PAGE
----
He's a major contributor, but mostly Paul has to design stuff, project manage stuff, give talks at events like Mission Workshop (keep reading, vids below), fix the dune buggy, and rip bathrooms out of the wall to make space for new machines.
But today, we do have an article from Paul - a piece of info straight from from the horse's mouth - to answer a question we get a lot. It's called:
Why You Can’t Use the Motolite Brake to Adapt a 700c Wheel to Your 27” Frame
And here it is:
We get a lot of questions about people having a bike they want to put a smaller wheel on. Sometimes it’s so they can fit a bigger tire, or sometimes it’s because they have a nice frame with an obsolete wheel size and want new wheels. This is the case for bike frames designed around 27” wheels. Many nice frames were built like this back in the day, so the need to keep them going is real.
Problem is, there’s very limited availability for good tires and rims in that size. Many of those frames were designed during the touring craze of the same era and thus have cantilever brakes. In the case of going from 27” to 700c, here are some words describing why it just doesn’t work, even though you really want it to. (You can cut the studs off your frame and use our Racer brake, but that is a different article.)
We make a brake called the Motolite, and it has a huge range of height adjustment for the pads. For example, you can put a 700c wheel on a frame designed for 26” wheels. That’s a difference of 32mm - handy! But here is the problem: 700c wheels are SMALLER than 27” wheels. The pad height adjustment range on the Motolites is typically about 5mm down and 35mm up. Ninety nine percent of the time the down range is not enough to work with the smaller 700c wheel.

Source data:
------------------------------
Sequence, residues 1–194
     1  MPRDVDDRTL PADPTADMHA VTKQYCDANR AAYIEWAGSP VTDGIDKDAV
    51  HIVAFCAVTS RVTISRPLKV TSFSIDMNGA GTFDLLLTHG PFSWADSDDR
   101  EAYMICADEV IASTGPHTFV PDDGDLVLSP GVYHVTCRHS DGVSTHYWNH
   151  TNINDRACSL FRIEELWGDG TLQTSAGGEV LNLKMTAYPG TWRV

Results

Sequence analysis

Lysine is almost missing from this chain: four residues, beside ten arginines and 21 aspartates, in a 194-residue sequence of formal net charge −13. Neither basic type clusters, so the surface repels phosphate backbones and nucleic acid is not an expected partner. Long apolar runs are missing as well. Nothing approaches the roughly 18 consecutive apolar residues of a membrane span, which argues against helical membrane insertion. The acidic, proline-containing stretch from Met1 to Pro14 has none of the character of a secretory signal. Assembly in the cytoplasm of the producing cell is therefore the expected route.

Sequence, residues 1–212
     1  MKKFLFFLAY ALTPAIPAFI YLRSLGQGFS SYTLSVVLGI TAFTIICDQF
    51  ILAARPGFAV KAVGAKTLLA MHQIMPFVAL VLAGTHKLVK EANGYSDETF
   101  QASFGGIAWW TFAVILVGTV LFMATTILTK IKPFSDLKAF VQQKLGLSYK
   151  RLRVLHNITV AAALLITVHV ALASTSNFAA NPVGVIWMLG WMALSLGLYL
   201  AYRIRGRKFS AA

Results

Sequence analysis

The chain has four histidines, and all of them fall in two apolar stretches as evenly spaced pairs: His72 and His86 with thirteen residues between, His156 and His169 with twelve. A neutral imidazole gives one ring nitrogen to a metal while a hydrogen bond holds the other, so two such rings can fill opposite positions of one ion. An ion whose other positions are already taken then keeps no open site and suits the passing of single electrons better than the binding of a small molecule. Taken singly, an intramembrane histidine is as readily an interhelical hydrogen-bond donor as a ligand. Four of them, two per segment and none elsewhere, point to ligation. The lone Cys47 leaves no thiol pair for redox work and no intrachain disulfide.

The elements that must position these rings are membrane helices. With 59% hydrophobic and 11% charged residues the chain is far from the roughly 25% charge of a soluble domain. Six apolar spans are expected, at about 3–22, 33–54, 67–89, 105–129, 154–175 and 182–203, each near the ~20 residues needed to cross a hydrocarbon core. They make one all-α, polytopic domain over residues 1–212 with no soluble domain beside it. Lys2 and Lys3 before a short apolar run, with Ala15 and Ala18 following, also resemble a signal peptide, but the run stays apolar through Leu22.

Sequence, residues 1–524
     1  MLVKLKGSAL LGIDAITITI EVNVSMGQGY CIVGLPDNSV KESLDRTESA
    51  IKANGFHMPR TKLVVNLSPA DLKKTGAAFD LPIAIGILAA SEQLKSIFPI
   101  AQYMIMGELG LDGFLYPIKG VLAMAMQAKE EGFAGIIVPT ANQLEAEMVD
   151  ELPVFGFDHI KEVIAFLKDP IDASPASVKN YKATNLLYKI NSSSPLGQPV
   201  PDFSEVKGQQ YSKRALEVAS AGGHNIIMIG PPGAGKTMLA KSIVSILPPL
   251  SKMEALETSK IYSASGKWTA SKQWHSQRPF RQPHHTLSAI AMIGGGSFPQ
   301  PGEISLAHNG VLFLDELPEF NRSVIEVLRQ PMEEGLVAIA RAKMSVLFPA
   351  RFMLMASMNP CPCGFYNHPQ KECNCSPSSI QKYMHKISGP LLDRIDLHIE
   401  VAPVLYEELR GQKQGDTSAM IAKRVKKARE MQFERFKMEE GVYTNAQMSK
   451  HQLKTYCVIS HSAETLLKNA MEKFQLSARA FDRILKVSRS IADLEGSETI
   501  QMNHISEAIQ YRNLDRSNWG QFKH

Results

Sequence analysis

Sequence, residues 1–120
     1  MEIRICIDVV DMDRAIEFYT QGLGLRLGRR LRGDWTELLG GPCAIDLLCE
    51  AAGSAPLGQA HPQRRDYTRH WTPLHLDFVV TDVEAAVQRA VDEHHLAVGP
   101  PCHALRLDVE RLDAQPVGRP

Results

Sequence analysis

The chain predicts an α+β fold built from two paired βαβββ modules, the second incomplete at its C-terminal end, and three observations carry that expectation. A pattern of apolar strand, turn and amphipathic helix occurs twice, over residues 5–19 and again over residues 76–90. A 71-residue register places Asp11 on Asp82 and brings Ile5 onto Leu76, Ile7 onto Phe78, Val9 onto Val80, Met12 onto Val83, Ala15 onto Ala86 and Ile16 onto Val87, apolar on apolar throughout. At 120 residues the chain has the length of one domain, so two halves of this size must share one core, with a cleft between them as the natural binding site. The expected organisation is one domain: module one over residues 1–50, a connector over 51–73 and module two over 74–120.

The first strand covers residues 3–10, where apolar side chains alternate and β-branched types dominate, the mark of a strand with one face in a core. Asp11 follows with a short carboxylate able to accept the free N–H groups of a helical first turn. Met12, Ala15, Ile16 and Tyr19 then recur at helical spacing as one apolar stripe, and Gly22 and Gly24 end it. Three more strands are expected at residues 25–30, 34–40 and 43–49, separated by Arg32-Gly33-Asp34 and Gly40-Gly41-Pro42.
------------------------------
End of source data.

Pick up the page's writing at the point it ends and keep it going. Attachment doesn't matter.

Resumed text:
But wait, you say. The difference in rim diameters is only 8mm. That means the radius difference is only 4mm! You said above the Motolite typically has 5mm downward range!
Well yes, the diameter of the 27”rim is 630mm, and the diameter of the 700c rim is 622mm. So 8mm or 4mm per side. The thing is, it all comes down to cantilever post location. Back in the old days, cantilever brake pads had rods that clamped them in position as opposed to the modern type with nuts. These brakes had a much larger range of cantilever boss locations they could be used with. (The modern nutted kind have a much more specific cantilever stud location.) Typically the studs (or canti “posts”) would be welded on much closer to the rim both vertically and horizontally. It didn’t matter all that much, the brakes themselves would work more than likely.
Back to that 4mm difference. You’ve got a really nice touring frame built in the 70’s and the canti studs are mounted 3mm higher than what is commonly used today in reference to how far vertically the post is from the rim. This is quite common. But if our Motolite has a normal 5mm downward range and the difference in the rim size is 4mm, that leaves 1mm of wiggle room with perfectly placed studs. But your canti studs are 3mm higher (again, pretty typical) than what’s normal now, so the pad needs to come down an additional 3mm. There is only 1mm left and boom, you’ve hitting the pivot/spring part of the brake and the pads won’t go down any farther.
And that’s why you can’t put 700c wheels on a bike designed for 27” wheels and cantilever brakes.
Have a good ride,